The review followed publication by the ABC of a webpage called "The Cabinet Files", which featured a series of classified Commonwealth documents provided by a third party, reportedly found in a locked filing cabinets at a second-hand furniture shop in Canberra. Publication occasioned much schadenfreude across the APS.
The ABC comments 'Hundreds of top-secret and highly classified cabinet documents have been obtained by the ABC following an extraordinary breach of national security'.
The Cabinet Files is one of the biggest breaches of cabinet security in Australian history and the story of their release is as gripping as it is alarming and revealing.
It begins at a second-hand shop in Canberra, where ex-government furniture is sold off cheaply. The deals can be even cheaper when the items in question are two heavy filing cabinets to which no-one can find the keys. They were purchased for small change and sat unopened for some months until the locks were attacked with a drill. Inside was the trove of documents now known as The Cabinet Files.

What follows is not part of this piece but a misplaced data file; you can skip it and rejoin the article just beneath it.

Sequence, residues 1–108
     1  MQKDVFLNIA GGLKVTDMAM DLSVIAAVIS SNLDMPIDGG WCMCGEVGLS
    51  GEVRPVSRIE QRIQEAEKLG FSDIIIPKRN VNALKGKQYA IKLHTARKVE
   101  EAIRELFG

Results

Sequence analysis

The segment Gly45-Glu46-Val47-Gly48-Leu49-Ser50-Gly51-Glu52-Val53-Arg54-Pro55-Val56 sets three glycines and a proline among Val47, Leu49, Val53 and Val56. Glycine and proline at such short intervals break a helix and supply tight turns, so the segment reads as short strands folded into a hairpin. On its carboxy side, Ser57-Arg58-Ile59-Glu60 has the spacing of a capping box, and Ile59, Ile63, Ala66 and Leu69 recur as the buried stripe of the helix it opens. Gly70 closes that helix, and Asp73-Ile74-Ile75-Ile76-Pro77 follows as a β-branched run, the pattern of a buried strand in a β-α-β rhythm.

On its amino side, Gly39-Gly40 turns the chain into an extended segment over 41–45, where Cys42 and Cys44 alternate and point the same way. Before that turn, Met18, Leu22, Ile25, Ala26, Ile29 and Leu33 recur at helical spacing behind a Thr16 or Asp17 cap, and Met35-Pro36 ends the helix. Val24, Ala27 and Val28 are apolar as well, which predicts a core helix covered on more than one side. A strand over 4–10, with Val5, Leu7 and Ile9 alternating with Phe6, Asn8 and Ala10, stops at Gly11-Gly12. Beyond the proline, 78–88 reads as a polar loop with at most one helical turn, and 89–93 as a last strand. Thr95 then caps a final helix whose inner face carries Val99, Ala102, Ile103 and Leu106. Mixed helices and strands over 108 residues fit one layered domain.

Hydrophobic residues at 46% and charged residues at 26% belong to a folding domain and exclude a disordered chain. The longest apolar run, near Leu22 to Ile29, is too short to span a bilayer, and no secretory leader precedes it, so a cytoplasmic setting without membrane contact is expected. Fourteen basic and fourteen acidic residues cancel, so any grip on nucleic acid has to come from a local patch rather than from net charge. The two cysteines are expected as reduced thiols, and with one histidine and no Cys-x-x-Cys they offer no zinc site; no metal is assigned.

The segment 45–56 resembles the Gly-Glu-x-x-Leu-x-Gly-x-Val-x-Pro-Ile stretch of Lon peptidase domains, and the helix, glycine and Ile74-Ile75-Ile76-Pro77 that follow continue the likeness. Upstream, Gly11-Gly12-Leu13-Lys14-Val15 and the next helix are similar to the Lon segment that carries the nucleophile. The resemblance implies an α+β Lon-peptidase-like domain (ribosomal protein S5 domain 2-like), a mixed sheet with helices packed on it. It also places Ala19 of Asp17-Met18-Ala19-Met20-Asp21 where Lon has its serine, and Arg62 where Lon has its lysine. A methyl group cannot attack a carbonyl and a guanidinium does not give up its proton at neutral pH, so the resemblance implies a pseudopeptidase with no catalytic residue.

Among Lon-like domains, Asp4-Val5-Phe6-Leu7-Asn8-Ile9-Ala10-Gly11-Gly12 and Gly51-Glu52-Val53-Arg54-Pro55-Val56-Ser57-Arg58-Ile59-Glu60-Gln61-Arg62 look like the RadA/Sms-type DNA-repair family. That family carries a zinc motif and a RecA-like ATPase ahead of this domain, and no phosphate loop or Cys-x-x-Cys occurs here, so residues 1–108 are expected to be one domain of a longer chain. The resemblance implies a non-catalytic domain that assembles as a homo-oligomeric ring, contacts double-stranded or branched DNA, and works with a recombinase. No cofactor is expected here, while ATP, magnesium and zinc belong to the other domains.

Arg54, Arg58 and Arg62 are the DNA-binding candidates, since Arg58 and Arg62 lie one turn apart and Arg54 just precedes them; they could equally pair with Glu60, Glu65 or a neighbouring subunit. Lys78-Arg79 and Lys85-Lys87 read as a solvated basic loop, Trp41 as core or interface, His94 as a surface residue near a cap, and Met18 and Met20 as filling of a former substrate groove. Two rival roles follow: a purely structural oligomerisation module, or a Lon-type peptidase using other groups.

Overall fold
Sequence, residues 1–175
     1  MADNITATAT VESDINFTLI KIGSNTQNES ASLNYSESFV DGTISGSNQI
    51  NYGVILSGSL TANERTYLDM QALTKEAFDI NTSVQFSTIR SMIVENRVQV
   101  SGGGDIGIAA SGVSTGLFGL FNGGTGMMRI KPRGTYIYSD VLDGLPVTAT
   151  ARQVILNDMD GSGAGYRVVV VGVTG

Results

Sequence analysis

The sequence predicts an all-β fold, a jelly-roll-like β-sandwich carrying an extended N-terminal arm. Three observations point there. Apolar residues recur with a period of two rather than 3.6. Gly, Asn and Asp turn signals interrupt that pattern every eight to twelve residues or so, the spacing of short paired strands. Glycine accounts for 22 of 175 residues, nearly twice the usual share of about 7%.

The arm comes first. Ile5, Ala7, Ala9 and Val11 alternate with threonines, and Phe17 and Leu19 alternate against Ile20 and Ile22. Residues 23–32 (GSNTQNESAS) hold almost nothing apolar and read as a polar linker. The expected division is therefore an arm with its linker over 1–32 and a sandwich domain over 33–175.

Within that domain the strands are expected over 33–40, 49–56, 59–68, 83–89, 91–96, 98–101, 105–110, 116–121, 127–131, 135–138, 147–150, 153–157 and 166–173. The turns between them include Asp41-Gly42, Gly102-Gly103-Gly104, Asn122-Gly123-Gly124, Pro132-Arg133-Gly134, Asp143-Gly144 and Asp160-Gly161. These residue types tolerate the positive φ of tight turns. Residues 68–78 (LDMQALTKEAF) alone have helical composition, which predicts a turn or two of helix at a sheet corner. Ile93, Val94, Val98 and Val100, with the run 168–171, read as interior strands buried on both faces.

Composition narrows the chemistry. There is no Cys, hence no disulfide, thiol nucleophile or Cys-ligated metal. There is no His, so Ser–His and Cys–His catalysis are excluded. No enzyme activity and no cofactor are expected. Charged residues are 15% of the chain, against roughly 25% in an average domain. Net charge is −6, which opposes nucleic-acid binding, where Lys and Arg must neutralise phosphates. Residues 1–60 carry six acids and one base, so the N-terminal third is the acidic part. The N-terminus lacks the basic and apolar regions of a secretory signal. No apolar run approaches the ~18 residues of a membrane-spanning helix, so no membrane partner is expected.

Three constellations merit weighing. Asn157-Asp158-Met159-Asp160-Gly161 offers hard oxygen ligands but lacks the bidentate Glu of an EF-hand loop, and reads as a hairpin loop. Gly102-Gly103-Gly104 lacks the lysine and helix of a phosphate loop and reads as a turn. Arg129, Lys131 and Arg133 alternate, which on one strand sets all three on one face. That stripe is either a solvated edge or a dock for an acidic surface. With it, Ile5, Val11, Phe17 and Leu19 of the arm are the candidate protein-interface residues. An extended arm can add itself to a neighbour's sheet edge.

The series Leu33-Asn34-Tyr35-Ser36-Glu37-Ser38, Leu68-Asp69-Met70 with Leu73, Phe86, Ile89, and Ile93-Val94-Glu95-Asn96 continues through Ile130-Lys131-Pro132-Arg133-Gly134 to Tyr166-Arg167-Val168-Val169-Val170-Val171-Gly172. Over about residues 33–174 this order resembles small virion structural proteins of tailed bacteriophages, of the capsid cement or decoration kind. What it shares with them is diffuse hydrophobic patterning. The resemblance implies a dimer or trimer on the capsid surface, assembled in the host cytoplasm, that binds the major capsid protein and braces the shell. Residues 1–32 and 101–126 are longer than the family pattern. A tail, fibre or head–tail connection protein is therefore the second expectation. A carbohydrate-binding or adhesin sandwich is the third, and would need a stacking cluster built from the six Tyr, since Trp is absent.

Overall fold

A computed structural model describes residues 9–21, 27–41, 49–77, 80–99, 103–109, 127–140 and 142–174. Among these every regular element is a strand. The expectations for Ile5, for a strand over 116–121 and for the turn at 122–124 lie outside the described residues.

The thousands of pages reveal the inner workings of five separate governments and span nearly a decade.
Nearly all the files are classified, some as "top secret" or "AUSTEO", which means they are to be seen by Australian eyes only.
But the ex-government furniture sale was not limited to Australians — anyone could make a purchase.
And had they been inclined, there was nothing stopping them handing the contents to a foreign agent or government.Further
The Australian Federal Police (AFP) lost nearly 400 national security files in five years, according to a secret government stocktake contained in The Cabinet Files.
The Department of Prime Minister and Cabinet regularly audits all government departments and agencies that have access to the classified documents to ensure they are securely stored.
The missing documents are not the same files the ABC has obtained.